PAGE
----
www.bailii.org/ew/cases/EWCA/Civ/2008/1144.html

The important guidance in Hatton v Sunderland for claims arising from stress at work was considered and applied by the Court of Appeal in Dickens v O2 plc. In this case, O2 brought an appeal against the finding of a High Court judge that a former employee was entitled to damages for psychiatric injury caused by excessive stress caused largely by her employment as a regulatory finance manager. Ms Dickens was originally a secretary but had proved so good and hardworking that she was promoted to be a management accountant, despite lacking formal qualifications. However, she showed early signs of stress and complained on several occasions about not receiving the training or support she was promised. Her GP prescribed counselling following her being diagnosed with IBS but her workload continued to be extremely heavy. She repeatedly complained of excessive fatigue and of being unable to cope. It was suggested that she contact the counselling service available to staff. On 23 April 2002 she saw her line manager and asked for a sabbatical. She said she was drained of physical and mental energy and was ‘stressed out’. She did not know how long she could carry on before she was sick. At her appraisal she complained again of stress and her line manager made a referral to occupational health but Ms Dickens did not hear from them. Finally she was signed off as unfit for work on account of anxiety and depression. She never returned to work and her employment was terminated. She brought proceedings claiming damages for personal injuries caused by stress at work.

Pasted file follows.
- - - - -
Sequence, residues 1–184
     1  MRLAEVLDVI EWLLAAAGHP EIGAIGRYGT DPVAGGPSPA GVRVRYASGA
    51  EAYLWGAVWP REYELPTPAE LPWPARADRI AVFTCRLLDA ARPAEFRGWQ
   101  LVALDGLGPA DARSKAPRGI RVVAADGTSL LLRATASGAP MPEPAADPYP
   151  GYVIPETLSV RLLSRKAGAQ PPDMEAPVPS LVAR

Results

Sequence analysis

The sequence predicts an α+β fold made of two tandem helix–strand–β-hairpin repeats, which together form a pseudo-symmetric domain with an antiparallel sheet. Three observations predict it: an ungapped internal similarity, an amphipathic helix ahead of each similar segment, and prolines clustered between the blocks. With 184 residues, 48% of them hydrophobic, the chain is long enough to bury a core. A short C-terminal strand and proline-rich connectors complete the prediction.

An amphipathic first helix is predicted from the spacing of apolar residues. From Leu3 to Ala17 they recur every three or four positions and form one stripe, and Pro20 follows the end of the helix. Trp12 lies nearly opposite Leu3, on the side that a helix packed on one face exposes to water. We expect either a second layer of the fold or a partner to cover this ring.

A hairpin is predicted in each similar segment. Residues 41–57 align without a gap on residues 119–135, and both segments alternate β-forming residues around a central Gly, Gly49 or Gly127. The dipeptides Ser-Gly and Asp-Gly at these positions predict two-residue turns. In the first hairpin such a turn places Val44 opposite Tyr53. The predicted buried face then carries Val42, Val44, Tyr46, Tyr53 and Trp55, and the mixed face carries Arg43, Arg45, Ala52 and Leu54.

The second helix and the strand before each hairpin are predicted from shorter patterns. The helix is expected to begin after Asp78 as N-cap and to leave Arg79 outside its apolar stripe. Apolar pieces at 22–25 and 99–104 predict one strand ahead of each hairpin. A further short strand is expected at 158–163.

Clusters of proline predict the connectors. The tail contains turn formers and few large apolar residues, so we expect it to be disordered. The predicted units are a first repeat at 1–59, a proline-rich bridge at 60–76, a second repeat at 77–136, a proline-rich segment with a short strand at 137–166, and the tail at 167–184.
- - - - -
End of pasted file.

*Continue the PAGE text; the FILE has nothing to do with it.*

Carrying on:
The Court upheld the high court’s finding that O2 were largely to blame for Ms Dickens’s illness. It considered the following:

  •  reasonable foreseeability: O2 claimed that Ms Dickens’s evidence had not gone far enough to put it on notice that, unless something was done, it was foreseeable that her health would break down. The Court disagreed, stating that her allegations of incidents of negligence were background history but the 23 April meeting was crucial as she then spelled out the seriousness of her condition.
  •  Breach of duty: O2 argued that it had offered a counselling service. The Court said this was irrelevant; she was already receiving counselling from her GP and the mere suggestion that she seek counselling could not be considered an adequate response in the circumstances.
  •  Causation: the test is to identify the breach of duty and decide whether the breach had made a material contribution to Ms Dickens’s ill health. Such a finding was inevitable.
  •  Apportionment: the Court indicated there should be no across the board percentage reduction to damages for the contribution to the illness by other causes.

This case serves as a sharp reminder to employers to be alive to signs of stress among its staff and not to simply rely on counselling or other services which it may provide as a means of sidestepping liability. Counselling may indeed be appropriate in some cases; but not in all. When an employee makes it clear that he is not coping, measures should be taken to alleviate the causes of stress.